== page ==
EGU General Assembly 2020
© Author(s) 2022. This work is distributed under
the Creative Commons Attribution 4.0 License.

Changes in Subantartic Mode Water Properties and its Impact on Spiciness Variation in the Southern Indian Ocean

Ying Zhang1,2, Yan Du1,2,3, and Ming Feng4,5
Ying Zhang et al.
  • 1State Key Laboratory of Tropical Oceanography, South China Sea Institute of Oceanology, Chinese Academy of Sciences, Guangzhou, China (
  • 2Southern Marine Science and Engineering Guangdong Laboratory (Guangzhou), Guangzhou, China
  • 3University of Chinese Academy of Sciences, Beijing, China
  • 4CSIRO Oceans and Atmosphere, Crawley, Western Australia, Australia
  • 5Centre for Southern Hemisphere Oceans Research, Hobart, Australia

Subantarctic Mode Water (SAMW) is formed by deep mixing in winter in the Subantarctic Zone and transported into the adjacent subtropical gyres after subduction, which plays a vital role in heat, freshwater, carbon and nutrient budgets in the global oceans. The changes in SAMW properties and its impact on spiciness variation in the southern Indian Ocean have been investigated using the gridded Argo dataset in 2004-2018. Annual mean potential temperature and salinity of the SAMW have undergone significant variations during 2004-2018, with an increase (a decrease) trend for potential temperature (salinity). An analysis of decomposition shows that the heaving process contributes to warming and salinification while spiciness causes cooling and freshening, both of which modulate the SAMW properties. A strong deepening of the isopycnal surfaces caused by positive wind stress curl anomalies over the subtropical southern Indian Ocean leads to warming/salinification heaving contribution to the changes in SAMW. The cooling/freshening contribution from spiciness process is due to a southward shift of sea surface potential density favoring colder and fresher water into the interior ocean, which is driven by an increase in wintertime sea surface temperature and salinity in the SAMW formation region. The colder and fresher water carried with the SAMW spreads along isopycnal surfaces via the Indian Ocean subtropical gyre, which results in cooling and freshening spiciness trends over the all basin of the subtropical southern Indian Ocean.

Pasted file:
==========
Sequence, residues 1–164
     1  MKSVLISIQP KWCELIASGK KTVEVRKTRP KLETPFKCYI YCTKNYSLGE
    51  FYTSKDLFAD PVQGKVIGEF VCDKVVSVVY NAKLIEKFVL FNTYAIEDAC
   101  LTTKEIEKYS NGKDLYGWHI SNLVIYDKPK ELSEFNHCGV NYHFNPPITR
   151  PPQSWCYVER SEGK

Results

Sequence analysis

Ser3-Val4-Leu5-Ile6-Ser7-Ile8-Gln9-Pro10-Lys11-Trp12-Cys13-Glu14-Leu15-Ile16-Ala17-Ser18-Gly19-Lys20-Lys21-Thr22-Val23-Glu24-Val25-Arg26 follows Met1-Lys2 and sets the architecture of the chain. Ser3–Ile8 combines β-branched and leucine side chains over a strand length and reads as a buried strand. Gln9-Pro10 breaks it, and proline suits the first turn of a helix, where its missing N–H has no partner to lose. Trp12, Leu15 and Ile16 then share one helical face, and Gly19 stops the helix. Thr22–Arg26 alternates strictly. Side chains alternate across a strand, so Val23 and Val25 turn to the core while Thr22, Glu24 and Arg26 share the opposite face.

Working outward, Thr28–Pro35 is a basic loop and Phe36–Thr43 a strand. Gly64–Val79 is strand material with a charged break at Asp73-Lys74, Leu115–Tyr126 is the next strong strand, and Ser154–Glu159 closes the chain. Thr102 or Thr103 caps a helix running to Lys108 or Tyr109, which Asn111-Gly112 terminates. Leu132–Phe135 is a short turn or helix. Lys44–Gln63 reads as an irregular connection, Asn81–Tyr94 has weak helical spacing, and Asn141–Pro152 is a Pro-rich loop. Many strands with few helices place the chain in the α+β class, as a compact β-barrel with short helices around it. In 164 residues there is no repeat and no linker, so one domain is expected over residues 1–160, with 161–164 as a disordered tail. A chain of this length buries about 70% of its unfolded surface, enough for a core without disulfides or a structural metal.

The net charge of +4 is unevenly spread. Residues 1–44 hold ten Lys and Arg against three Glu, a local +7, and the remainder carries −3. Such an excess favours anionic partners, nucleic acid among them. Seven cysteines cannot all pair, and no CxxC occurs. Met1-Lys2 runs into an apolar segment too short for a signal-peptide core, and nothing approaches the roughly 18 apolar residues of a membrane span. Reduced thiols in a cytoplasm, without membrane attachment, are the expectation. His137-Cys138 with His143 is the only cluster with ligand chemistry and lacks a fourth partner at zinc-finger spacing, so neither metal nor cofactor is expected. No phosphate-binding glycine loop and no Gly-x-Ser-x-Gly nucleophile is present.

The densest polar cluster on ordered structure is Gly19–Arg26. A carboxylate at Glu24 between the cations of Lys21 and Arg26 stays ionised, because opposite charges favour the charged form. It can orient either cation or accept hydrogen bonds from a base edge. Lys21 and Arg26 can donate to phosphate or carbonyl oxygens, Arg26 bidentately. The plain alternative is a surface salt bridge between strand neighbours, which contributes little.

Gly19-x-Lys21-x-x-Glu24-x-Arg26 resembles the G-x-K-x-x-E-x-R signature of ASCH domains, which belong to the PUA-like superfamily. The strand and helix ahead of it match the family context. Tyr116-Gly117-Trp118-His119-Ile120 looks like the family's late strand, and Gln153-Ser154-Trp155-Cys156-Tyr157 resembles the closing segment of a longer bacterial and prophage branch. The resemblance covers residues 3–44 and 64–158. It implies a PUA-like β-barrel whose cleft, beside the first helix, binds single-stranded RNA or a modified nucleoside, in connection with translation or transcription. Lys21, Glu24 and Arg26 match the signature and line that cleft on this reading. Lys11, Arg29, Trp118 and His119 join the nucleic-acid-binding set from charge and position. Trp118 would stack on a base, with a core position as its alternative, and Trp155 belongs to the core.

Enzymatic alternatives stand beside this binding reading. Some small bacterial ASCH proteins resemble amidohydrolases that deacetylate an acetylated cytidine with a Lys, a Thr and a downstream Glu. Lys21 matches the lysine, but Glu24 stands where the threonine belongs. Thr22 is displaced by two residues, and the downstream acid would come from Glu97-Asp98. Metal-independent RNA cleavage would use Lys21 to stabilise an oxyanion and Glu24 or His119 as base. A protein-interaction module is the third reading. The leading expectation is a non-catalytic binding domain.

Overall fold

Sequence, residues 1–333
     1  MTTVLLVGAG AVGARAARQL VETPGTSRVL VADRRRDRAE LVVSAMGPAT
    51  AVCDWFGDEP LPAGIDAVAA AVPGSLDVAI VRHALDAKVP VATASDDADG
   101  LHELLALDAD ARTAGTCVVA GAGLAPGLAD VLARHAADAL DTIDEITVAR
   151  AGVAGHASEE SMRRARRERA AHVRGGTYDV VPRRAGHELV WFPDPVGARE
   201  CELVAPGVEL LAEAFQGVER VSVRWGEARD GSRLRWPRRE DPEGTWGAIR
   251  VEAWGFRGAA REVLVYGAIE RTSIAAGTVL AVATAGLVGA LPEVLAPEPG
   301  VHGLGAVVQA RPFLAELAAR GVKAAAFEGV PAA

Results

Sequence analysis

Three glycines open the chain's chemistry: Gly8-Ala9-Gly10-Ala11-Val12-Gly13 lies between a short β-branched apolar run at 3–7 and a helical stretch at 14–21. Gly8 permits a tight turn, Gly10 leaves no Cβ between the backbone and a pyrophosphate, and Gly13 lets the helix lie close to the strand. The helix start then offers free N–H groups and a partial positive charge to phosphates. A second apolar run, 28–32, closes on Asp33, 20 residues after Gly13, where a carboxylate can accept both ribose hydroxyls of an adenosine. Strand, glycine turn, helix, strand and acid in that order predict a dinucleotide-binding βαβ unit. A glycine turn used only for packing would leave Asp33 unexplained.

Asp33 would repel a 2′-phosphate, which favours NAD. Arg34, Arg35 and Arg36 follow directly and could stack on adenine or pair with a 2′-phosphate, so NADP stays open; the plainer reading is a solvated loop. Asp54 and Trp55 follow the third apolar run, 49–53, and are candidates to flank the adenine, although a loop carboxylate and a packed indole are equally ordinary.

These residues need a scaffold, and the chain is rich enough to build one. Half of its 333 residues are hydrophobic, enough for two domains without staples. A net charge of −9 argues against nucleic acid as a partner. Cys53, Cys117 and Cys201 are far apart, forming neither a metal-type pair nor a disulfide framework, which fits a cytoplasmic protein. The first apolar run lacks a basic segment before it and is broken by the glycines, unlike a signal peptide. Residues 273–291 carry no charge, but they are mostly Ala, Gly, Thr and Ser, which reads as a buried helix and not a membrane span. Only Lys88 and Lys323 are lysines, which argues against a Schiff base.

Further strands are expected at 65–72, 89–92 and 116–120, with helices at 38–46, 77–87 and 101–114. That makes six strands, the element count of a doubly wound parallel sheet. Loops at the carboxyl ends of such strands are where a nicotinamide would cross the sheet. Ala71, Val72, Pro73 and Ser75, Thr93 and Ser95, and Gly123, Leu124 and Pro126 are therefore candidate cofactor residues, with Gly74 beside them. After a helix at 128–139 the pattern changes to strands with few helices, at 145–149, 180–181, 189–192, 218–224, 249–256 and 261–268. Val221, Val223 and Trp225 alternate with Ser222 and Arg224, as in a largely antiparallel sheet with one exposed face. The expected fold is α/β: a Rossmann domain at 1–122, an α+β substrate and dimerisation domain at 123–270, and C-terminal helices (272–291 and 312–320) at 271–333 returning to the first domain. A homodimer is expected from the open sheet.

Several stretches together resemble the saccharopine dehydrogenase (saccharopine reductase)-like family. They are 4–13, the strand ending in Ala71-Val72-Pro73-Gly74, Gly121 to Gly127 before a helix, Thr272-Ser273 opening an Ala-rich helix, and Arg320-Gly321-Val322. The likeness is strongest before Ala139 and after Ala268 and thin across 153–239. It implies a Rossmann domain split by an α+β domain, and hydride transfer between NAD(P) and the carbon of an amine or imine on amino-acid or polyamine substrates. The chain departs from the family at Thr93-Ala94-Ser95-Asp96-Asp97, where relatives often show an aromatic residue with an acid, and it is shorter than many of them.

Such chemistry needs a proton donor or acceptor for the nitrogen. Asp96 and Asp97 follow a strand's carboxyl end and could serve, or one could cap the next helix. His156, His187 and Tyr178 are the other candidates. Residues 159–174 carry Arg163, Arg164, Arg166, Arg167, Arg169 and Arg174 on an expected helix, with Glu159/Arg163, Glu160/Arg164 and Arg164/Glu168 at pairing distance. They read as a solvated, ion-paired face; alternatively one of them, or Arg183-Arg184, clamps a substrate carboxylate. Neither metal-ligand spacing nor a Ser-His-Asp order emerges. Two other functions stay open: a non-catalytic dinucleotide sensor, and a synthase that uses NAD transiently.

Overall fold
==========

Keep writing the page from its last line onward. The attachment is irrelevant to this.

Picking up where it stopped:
How to cite: Zhang, Y., Du, Y., and Feng, M.: Changes in Subantartic Mode Water Properties and its Impact on Spiciness Variation in the Southern Indian Ocean, EGU General Assembly 2020, Online, 4–8 May 2020, EGU2020-21228,, 2020.